4. My superiors didn’t want to promote him but they respected and trusted me. It’s truly awful knowing that I could have prevented the whole thing from happening. Upper management knew that he was interested in a promotion, but they didn’t think he was cut out for it and had no plans to pursue it. Still, I approached them about him once the position opened up. They flat out told me they didn’t think he was ready, but in my foolishness, I told them I thought he was. And whaddya know? They listened to me.
  5. By getting him promoted, I helped create a monster. Considering how bad he was before his promotion, I should have foreseen that giving him more power would only make an already bad situation even worse. As soon as he moved up, he seemed to think he was a god among men. Almost instantly, he began criticizing everyone on his level (me included), saying he was going to bring about “big changes that should have happened a long time ago.” Big changes never happened, except for the fact that he became an absolute nightmare to work with. He was sloppy and the rest of us had to work harder to make up for his carelessness. Worst of all, he never learned from his mistakes, instead somehow insisting that his own errors were made by others. It was madness.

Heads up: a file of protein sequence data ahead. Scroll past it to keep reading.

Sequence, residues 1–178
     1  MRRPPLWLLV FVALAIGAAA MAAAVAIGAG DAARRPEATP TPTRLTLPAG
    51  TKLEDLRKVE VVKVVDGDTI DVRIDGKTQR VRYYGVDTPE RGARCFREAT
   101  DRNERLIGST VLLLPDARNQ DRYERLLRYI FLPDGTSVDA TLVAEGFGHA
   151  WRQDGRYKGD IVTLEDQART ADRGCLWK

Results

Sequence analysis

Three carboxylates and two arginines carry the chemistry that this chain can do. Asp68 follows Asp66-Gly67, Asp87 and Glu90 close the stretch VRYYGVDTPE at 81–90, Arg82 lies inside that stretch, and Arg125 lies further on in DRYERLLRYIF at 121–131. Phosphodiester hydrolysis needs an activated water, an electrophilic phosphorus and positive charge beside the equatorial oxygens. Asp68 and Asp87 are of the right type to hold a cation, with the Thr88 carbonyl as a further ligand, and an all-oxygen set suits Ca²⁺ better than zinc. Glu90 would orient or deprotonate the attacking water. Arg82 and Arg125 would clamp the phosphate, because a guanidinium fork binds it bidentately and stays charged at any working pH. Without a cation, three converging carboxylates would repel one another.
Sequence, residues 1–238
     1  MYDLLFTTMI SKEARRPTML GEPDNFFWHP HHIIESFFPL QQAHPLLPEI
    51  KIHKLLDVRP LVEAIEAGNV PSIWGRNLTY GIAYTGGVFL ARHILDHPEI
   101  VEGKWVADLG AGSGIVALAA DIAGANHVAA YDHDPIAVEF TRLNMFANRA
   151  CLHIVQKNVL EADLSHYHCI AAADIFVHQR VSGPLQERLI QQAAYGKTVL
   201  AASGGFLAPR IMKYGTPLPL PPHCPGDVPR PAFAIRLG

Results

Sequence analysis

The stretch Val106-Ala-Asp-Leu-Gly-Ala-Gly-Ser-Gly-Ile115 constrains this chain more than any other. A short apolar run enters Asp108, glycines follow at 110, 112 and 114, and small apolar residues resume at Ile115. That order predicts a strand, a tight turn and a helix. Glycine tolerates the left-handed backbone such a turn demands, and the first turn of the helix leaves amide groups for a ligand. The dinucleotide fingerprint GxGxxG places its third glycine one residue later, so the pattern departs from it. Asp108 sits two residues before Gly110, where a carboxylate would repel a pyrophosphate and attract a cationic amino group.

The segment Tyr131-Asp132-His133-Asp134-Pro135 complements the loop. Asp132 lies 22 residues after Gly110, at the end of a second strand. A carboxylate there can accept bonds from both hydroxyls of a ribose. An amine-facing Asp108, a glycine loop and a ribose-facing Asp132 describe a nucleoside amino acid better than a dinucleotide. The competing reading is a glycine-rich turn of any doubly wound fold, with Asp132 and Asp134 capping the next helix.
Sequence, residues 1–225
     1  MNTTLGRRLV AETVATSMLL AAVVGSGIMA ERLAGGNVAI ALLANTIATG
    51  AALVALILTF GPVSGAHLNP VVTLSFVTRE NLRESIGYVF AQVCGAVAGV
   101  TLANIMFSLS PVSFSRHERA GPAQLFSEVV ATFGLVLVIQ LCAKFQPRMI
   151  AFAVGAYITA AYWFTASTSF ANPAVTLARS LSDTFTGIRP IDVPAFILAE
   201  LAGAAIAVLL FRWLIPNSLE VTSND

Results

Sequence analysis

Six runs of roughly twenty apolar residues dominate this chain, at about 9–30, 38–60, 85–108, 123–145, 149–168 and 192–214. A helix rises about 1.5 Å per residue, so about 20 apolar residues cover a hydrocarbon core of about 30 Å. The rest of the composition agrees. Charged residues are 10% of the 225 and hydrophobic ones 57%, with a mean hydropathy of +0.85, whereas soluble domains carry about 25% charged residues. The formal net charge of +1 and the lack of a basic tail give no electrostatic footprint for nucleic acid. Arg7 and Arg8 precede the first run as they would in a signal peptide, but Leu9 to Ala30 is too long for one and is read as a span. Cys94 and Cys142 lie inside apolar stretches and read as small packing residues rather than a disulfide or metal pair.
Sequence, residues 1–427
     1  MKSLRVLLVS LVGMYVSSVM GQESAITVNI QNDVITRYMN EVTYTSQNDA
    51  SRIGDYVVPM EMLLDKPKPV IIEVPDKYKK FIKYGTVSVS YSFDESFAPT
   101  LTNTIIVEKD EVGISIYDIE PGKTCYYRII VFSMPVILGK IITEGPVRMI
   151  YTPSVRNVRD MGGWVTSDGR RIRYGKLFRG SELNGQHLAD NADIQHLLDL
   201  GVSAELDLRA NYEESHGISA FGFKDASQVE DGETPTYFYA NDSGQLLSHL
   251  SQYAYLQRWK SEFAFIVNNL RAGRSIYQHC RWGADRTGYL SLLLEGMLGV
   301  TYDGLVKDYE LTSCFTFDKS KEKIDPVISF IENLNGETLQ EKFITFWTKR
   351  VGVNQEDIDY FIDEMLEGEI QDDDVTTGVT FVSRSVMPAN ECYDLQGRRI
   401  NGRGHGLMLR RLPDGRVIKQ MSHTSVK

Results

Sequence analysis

6. My professional reputation took a diveRemember how I said that my superiors respected and trusted me? Well, not so much after I convinced them to promote my ex. It was obvious to everyone on all levels that he was just a terrible fit for the job, and most people knew that I was the one who had pulled some strings. I heard more than a few comments about him “sleeping his way to the top,” and each time it felt like a very sobering punch to the gut. It took a long time to rebuild my reputation after that.